As you head east out of Washington, D.C., on US 50, a towering memorial appears in the distance. The 40-foot-tall concrete Christian cross is the first thing you see as you enter the D.C. suburb of Bladensburg, Maryland. For the last four years, this cross has been the center of a hotly contested legal battle, as the American Humanist Association (AHA) and its local members have challenged the constitutionality of the cross.
Government-funded crosses on public land have long been a point of contention between advocates for church-state separation vs. Christian privilege groups. That’s because religious symbols like the Bladensburg Cross, on public land, are an unwelcome sight to those who value religious freedom for all. Recently, after lower appellate courts declared the cross unconstitutional, the Supreme Court of the United States decided to take the Bladensburg Cross case, and that has drawn significant attention to the cross’s history.
In 1919, ground was broken for the cross on land owned by the Town of Bladensburg. The project was initiated by the Good Roads League to memorialize World War I veterans. Their intent was to create a “mammoth cross, a likeness of the Cross of Calvary, as described in the Bible.” Donors signed a pledge stating that they “trust[ed] in God, the Supreme Ruler of the universe.” However, given the unveiling of a secular World War I memorial at the county courthouse around that time, many local citizens did not support the sectarian memorial. In 1922, the original committee abandoned their efforts. The cross, unfinished, became an eyesore. The town vested to the local American Legion post the “care” of the land for the “completion” of the cross. The Legion held memorial services around the unfinished cross, at which a Christian pastor led prayer and those in attendance sang the Christian hymn “Nearer My God to Thee.”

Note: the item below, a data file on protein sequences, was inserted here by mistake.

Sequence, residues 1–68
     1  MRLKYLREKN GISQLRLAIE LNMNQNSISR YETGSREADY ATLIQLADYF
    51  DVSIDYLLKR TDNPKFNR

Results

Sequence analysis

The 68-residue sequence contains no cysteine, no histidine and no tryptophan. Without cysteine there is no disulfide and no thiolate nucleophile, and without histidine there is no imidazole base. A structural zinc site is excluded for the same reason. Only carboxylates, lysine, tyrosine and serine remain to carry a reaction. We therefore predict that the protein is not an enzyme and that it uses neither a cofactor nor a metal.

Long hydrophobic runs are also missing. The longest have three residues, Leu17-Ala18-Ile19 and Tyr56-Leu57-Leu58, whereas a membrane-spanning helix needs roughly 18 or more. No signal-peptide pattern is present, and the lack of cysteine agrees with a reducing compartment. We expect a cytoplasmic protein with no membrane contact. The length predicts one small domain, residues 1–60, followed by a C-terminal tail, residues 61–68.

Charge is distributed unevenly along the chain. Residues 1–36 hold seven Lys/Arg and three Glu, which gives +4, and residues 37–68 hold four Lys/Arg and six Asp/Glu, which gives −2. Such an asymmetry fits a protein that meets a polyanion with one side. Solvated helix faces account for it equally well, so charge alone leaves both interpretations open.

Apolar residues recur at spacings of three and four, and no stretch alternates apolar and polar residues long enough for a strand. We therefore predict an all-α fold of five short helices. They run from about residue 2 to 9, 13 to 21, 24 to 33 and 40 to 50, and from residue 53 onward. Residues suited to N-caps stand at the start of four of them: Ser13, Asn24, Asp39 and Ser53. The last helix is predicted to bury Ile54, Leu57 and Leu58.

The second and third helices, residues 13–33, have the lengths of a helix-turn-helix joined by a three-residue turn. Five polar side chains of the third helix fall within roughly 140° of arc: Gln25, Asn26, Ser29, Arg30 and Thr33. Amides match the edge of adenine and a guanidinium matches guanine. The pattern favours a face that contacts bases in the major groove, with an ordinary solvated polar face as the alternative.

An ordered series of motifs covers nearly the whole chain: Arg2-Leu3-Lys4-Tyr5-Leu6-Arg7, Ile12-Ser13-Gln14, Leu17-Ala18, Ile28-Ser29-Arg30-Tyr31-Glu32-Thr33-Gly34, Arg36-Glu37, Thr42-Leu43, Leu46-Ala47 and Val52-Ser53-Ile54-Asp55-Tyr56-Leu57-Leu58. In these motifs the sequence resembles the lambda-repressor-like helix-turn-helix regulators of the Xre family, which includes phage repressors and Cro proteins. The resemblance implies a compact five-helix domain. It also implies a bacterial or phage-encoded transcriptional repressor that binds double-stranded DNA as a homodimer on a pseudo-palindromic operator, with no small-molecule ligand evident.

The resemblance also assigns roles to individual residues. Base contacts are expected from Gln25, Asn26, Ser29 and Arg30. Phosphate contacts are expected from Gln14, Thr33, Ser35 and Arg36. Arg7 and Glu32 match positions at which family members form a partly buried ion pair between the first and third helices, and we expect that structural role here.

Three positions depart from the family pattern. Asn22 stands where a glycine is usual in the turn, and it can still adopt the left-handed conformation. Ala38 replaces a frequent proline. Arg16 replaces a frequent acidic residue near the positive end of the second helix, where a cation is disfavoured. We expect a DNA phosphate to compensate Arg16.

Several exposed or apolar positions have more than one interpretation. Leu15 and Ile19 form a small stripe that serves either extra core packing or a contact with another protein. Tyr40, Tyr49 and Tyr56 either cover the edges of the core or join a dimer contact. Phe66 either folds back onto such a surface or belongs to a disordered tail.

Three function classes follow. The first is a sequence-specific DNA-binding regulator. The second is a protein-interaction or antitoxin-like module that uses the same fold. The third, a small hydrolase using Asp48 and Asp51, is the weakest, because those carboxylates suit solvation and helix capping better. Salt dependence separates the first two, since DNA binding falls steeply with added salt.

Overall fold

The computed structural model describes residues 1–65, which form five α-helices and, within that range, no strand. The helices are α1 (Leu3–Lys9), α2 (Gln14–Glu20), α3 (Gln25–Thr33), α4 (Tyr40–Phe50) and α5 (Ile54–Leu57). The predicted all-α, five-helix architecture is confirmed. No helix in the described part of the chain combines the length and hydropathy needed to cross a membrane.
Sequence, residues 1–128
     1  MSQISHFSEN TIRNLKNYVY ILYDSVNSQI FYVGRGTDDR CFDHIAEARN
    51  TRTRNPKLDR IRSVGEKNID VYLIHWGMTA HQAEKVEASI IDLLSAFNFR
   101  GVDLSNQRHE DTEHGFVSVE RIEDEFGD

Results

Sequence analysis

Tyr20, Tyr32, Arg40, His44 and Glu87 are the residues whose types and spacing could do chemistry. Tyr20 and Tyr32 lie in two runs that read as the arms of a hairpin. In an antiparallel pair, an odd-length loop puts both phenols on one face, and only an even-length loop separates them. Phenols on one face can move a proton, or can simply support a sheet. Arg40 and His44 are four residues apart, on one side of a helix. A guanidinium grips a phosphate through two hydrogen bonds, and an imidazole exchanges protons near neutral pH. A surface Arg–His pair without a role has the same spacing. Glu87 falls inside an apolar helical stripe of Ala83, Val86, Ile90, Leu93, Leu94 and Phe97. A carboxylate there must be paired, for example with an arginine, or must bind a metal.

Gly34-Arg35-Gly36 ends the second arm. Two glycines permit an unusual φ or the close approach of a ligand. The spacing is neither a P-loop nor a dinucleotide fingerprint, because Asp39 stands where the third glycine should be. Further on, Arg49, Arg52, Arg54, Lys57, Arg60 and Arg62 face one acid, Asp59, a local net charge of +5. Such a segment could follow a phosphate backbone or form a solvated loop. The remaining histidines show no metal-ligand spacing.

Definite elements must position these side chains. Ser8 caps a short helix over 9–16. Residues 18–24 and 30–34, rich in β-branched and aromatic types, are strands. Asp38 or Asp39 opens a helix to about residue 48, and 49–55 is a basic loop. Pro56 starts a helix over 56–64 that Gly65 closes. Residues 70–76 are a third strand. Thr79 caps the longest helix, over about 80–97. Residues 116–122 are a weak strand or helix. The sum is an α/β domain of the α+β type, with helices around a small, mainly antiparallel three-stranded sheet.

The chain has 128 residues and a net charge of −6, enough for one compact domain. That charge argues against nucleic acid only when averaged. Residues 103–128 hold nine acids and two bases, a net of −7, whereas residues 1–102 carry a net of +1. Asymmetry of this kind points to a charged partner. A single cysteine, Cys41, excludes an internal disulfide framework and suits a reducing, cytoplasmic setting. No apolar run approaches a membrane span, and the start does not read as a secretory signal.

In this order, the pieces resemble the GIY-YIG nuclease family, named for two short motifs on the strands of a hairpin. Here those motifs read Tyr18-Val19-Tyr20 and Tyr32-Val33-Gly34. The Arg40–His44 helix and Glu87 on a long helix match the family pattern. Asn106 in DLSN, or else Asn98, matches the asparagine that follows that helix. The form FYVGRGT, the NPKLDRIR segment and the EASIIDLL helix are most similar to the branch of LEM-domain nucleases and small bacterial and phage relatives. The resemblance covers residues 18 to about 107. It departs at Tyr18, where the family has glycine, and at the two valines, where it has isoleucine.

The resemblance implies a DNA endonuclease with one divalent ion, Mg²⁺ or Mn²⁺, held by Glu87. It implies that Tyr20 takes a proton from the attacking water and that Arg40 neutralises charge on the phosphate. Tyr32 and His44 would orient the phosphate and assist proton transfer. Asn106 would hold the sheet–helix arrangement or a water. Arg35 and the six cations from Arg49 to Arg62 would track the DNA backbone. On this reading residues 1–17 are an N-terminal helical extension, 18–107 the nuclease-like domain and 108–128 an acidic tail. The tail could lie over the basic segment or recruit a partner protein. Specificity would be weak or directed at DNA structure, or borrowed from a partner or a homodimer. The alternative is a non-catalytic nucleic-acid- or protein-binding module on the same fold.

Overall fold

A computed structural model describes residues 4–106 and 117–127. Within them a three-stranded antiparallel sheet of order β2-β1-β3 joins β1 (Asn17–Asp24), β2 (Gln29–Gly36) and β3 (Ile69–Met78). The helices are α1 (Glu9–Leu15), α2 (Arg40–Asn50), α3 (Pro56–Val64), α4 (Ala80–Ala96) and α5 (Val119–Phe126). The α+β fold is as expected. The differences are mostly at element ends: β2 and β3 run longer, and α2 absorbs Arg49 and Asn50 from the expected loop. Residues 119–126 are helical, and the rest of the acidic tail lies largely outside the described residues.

The cross was officially dedicated in 1925 at an elaborate ceremony featuring government officials and Christian clergy. The keynote speaker, Maryland Representative Stephen Gambrill, proclaimed: “by the token of this cross, symbolic of Calvary, let us keep fresh the memory of our boys who died for a righteous cause.” A Roman Catholic priest and a Baptist minister delivered Christian prayers. No other religions were represented. Frank Mountford, leading evangelist, held three “Sunday services” at the cross in 1931.
In 1935, the State Roads Commission claimed it owned the land, and in 1956 the Circuit Court ruled that the State of Maryland was the rightful owner of the property. In 1960, the Maryland National Park and Planning Commission, a bi-county agency of Prince George’s and Montgomery counties, acquired the cross from the State Roads Commission for the purposes of “the future repair and maintenance of the monument.”
In 1985, the commission spent $100,000 in taxpayer dollars on substantial renovations to the cross, followed by an elaborate rededication ceremony that was co-hosted by the Town of Bladensburg to rededicate the cross to veterans of “all wars.” The commission invited a priest, Father Chimiak, to deliver prayers, and later sent a letter thanking him “for his contributions to our programs and trust we may assimilate this relationship again.” In the intervening years, the cross has continued to serve as a purported tribute to “veterans of all wars” rather than the forty-nine men named on the plaque who died in World War I.
More than the constitutional issue of the Establishment Clause clearly forbidding endorsement or the appearance of endorsement of a specific religious faith by a government entity, this is an issue of compassion. Veterans of many faiths — and no faith — have fought and died for our country, but the current monument only honors Christian veterans.
The AHA’s efforts to honor every veteran highlight the non-Christian veterans who have been ignored and veterans of all faiths who don’t believe that a cross is an appropriate war memorial. As the Fourth Circuit judge ruled, the current memorial clearly violates constitutional standards, and the current memorial should be removed, reshaped, or otherwise remedied if it is to truly and appropriately honor all veterans who served.
Massive crosses as war memorials are a callous gesture to non-Christian veterans and make it clear that one faith, and one faith alone, is welcome in parks and on highways. The AHA has and will continue to fight for monuments and memorials that truly seek to honor all who have served our country with strength and dignity.